Student Loan Forgiveness Programs

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My sister is a public school teacher in Boston. She’s participating in a program where her student loans will be paid off after some number of years teaching difficult students in schools in low-income neighborhoods. The arrangement works for my sister because she would be teaching anyway, though as a young female teacher the rowdy students seem like they would be a greater challenge for her, and now she’s also getting sizable debts forgiven. She hasn’t complained once yet, so perhaps things are well.

I don’t know the name of the program she’s participating in but there are several public service programs that offer the same benefits. If you’re in one of these fields, you’ll want research these more as you could get some of your loans forgiven. I don’t know if the pay for these jobs is adjusted accordingly though.

Public Service Loan Forgiveness Program

The Public Service Loan Forgiveness Program is the biggest of the loan forgiveness plans. It offers total loan forgiveness on Stafford, Grad PLUS and associated consolidation loans in the Direct Loan program if you work in a “qualified public service job” for at least 10 years and continue to make payments during that span. Ten years seems like an awfully long time. The standard payment structure on Stafford Loans is equal payments over ten years! However, typical consolidation repayment lengths are often thirty years and consolidation is always a good idea.

A qualified public service job is often determined by the employer, rather than the role you play. If your employer is a nonprofit, tax-exempt 501(c)(3) organization, you’re eligible. If it’s the federal, state, local, or tribal government, you’re eligible. Finally, if you’re in a full-time Americorp position, you’re eligible. If you don’t meet any of those, you can still qualify if your employer is a non-profit type entity that is engaged in public service but is not a political organization, religious organization, or a labor union. Rules are slated to be finalized by the Department of Education in November.


The TEACH (Teacher Education Assistance for College and Higher Education) Grant is a grant worth up to $4,000 a year if the student agrees to teach at least four years in the next eight in a “high-need” field in elementary or secondary school that serves low-income students. It’s a new program and you need to apply with your school’s financial aid office. If you’ve already graduated, unfortunately you can’t apply for this particular grant.

If you are out of school, thus ineligible for the TEACH Grant, consider asking your school district’s administration to see if they are covered under The National Defense Education Act. Under that Act, if you become a full-time teacher in an elementary or secondary school that serves students from low-income families, you can get some of your Perkins loans forgiven. It’s 15% of your loan for the first and second years, 20% for the third and fourth years, and 30% for the fifth. My sister may be in this program.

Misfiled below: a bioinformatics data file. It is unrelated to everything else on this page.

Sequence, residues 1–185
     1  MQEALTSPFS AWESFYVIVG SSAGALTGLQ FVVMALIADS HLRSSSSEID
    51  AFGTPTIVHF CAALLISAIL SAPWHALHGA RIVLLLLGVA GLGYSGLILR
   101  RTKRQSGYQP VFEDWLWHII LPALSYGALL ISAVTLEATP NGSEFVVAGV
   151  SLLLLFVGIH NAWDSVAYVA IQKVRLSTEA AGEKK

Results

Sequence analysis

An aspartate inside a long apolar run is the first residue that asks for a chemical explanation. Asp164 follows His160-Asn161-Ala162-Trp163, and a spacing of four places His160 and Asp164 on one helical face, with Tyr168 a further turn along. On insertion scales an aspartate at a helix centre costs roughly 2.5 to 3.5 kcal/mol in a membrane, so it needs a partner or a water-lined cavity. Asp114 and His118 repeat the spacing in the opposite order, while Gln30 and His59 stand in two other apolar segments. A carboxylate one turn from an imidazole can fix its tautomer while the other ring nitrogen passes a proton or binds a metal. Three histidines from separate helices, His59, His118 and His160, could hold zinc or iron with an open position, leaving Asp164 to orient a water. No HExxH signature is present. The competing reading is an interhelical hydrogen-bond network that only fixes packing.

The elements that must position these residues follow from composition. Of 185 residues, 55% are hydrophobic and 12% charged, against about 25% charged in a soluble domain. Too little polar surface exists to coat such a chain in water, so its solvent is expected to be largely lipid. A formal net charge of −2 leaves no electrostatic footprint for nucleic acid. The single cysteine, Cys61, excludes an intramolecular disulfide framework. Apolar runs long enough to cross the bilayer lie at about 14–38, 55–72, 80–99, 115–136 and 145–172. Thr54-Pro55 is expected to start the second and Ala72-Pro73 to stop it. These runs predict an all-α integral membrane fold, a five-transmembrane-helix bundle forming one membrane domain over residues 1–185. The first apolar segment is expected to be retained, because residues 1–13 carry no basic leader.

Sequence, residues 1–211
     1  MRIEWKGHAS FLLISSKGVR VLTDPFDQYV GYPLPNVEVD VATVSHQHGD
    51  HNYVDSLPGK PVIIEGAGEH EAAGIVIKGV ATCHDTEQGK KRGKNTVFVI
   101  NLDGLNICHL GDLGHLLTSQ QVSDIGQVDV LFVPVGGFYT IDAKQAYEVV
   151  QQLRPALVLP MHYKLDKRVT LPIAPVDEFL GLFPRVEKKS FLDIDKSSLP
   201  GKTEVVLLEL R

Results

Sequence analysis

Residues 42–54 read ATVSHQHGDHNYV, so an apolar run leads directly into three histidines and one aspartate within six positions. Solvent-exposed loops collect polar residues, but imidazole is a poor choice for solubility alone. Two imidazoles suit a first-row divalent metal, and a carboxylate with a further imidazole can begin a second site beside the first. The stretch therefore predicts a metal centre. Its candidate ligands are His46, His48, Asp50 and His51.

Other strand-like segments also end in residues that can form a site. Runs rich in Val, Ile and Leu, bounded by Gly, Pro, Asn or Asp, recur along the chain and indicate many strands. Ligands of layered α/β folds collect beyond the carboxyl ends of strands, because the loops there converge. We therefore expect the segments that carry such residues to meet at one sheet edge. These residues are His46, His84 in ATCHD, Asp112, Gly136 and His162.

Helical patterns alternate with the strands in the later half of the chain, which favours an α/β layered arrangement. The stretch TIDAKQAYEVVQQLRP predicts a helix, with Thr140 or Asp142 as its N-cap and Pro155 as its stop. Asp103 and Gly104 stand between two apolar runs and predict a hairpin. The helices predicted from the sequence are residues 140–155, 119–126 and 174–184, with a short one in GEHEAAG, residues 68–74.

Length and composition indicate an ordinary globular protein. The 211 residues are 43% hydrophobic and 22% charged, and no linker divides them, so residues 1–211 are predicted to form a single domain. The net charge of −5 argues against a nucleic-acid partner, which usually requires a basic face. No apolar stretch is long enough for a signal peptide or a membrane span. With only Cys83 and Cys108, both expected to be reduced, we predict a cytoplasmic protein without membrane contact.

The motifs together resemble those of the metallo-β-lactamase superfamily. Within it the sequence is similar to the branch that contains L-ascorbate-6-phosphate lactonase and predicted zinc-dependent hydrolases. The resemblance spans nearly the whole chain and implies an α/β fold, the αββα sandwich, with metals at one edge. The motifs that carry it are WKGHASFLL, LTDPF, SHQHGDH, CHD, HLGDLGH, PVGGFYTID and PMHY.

Volunteer Work

Those two programs have been getting most of the press lately but there are several other programs available. Here are some of the other options:

  • AmeriCorps: Receive $7400 in stipends and $4725 towards your loans for 12 months of service.
  • PeaceCorp: You can get deferment of your student loans and partial cancellation of Perkins Loans, 15% per year of service up to 70%.
  • Volunteers in Service to America (VISTA): $4725 for 1700 hours of service.

In addition to the programs mentioned here, there are many more specific programs.

Additional resources:

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2 Responses to “Student Loan Forgiveness Programs”

  1. finaidgirl says:

    Please use caution when pursuing a TEACH “grant”! There are very strict qualifications to really receive it as free money, more than just teaching in a “high need” school. If for any reason the person does not complete the requirements at any time, the entire “grant” will automatically turn into an unsubsidezed stafford LOAN, and interest dating back to the original disbursement date will be added on. So if you took out a $4000 TEACH grant each year of a four year undergrad career and for whatever reason do not teach, you suddenly have a $16,000 loan to pay off, plus interest! I think the program is a terrible idea – If someone with TEACH “grants” realized during their first year of teaching they didn’t want to teach but forced themselves to complete the four years as required, I don’t think they’d be a very good teacher. This isn’t a grant, it’s a loan in disguise. I love the idea of recruiting more and better teachers, but this is NOT the way to do it. See more here:

  2. saladdin says:

    I was a VISTA. The $4725 I received was taxable so take that into account. There is a strong lobbying push to change this but I think as of now it is still taxable.

    VISTA’s also receive a living stipend which was in the $8k range with health insurance. I lean left so I like these programs, if anyone wants some inside info about the VISTA program feel free.


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